Prom 47: BBCSSO, Exaudi, Volkov/ Prom 48: Coote, LPO, Jurowski, Royal Albert Hall

4.00

 

Radio 3 is embarking on a centenary talk-fest about John Cage, but there’s nothing to say about him that has not been said a thousand times already.

As his frustrated tutor Arnold Schoenberg observed, he was not a composer but an inventor, or as we would say a conceptual artist: replacing willed composition with games of chance, opening the door to the variegated beauties of silence, and putting the most humdrum household noises under a musically-revealing microscope, he led where armies of other artists have since followed.

But we still need to feel the truth of his message, as Prom 47 - curated (and conducted when appropriate) by Ilan Volkov - demonstrated in three fascinating hours. With the BBC Scottish Symphony Orchestra divided into three groups plus four ‘prepared’ pianos, the opening piece "101" sounded almost old-fashioned with its fastidiously organised layers, but it made us listen with new attention to the sound of applause, and to the sound of the orchestra routinely tuning up for their next piece.

"Conceptual" Cage - and the work of followers like Christian Marclay who had the orchestra rubbing, scratching, and bashing their instrument-cases – really doesn’t need to be heard at all, but the West Coast master’s vintage works which were performed here lit up the mind. In "Improvisation III" the players were simply armed with cassette recordings, the Exaudi singers limited themselves to one note each, and Joan La Barbara intoned an e.e.cummings sonnet with repetitions, echoes, and pregnantly interposed silences.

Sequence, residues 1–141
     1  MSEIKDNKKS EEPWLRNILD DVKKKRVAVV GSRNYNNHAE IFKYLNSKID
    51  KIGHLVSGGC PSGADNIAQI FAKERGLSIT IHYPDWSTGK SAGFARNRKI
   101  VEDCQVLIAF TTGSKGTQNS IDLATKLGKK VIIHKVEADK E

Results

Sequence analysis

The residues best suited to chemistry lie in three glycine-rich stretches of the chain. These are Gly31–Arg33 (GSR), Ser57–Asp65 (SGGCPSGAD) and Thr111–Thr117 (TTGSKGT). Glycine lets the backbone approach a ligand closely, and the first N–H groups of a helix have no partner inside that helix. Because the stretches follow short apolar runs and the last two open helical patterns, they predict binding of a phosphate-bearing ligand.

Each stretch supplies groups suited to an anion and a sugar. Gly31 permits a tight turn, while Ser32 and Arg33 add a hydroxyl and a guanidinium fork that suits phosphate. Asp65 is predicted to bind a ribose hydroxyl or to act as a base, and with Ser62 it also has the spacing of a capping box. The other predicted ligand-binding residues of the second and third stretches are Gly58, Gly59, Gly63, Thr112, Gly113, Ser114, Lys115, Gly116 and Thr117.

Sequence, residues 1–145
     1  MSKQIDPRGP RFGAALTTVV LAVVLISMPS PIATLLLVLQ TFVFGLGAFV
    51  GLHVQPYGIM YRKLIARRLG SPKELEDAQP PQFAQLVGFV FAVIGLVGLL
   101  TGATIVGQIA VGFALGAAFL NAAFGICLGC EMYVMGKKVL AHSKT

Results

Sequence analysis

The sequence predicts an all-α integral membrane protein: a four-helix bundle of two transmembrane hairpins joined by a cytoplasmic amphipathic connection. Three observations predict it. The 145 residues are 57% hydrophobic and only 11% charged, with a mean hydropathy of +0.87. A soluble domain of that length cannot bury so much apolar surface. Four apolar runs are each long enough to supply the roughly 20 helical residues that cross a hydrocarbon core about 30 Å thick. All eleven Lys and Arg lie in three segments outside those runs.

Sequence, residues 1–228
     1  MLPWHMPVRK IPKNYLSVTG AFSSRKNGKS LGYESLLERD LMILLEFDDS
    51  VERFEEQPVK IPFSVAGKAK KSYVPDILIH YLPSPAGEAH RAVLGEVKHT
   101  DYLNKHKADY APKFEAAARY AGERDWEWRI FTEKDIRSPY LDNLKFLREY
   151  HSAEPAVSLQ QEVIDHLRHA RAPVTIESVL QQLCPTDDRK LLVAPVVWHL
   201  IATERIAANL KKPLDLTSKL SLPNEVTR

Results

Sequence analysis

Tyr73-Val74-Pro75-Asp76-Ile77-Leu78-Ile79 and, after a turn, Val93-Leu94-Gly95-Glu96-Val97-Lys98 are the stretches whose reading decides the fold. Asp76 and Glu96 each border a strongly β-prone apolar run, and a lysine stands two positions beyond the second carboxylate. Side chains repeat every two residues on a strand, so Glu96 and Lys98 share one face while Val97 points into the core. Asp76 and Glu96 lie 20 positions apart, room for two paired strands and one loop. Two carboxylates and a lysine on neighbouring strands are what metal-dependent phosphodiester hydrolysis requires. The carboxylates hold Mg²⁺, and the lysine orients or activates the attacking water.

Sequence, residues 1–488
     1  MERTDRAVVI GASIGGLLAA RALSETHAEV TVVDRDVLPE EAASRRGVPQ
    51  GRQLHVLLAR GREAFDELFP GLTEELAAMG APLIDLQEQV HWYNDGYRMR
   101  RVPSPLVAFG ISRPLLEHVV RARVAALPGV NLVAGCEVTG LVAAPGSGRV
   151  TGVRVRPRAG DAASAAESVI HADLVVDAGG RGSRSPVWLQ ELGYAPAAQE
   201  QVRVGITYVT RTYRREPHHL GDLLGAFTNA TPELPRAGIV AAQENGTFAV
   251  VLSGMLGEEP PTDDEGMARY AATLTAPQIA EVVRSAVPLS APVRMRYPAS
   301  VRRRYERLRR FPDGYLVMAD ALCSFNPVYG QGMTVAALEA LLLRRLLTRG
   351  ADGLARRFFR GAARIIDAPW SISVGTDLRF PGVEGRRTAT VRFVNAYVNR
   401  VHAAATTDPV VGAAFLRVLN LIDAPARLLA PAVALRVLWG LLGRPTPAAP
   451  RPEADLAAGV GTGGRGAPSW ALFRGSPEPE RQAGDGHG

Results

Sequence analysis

The simultaneous performance of three pieces at once worked sweetly, as did the free-wheeling, high-flying improvised "Quartet" and "But what about the noise of crumpling paper?",  with Cage’s signature-work "‘Branches" - for stroked cacti and shaken dry grasses, all heavily amplified - casting its usual ecological spell; the imported soloists, many of them Cage-veterans, worked wonders with stone-age electronics. But still no answer to the central Cagean mystery: why should pieces which ought to sound irritatingly random have such delicate poise? 

In Prom 48 mezzo Alice Coote transfixed her audience with Mahler’s "Lieder eines fahrenden Gesellen". The text is short and wistful, but Coote gave it the most wonderful resonance, with a sound of sustained richness and a coloration subtly graded along the gamut of pitch and emotion. Vladimir Jurowski and the London Philharmonic were her sensitive companions.

PROMOTED VIDEO
Have you tried new the Independent Digital Edition apps?
Arts and Entertainment
Ben Affleck as Nick Dunne, seated next to a picture of his missing wife Amy, played by Rosamund Pike

film
Arts and Entertainment
Rachel, Chandler and Ross try to get Ross's sofa up the stairs in the famous 'Pivot!' scene

Friends 20th anniversary
Arts and Entertainment
Lena Dunham

books
Arts and Entertainment
A bit rich: Maggie Smith in Downton Abbey

There’s revolution in the air, but one lady’s not for turning

TV
Arts and Entertainment
Chloe-Jasmine Whicello impressed the judges and the audience at Wembley Arena with a sultry performance
TVReview: Who'd have known Simon was such a Roger Rabbit fan?
Arts and Entertainment
Nick Frost will star in the Doctor Who 2014 Christmas special

TV
Arts and Entertainment
A spell in the sun: Emma Stone and Colin Firth star in ‘Magic in the Moonlight’
filmReview: Magic In The Moonlight
Arts and Entertainment
Friends is celebrating its 20th anniversary this year
TV
Arts and Entertainment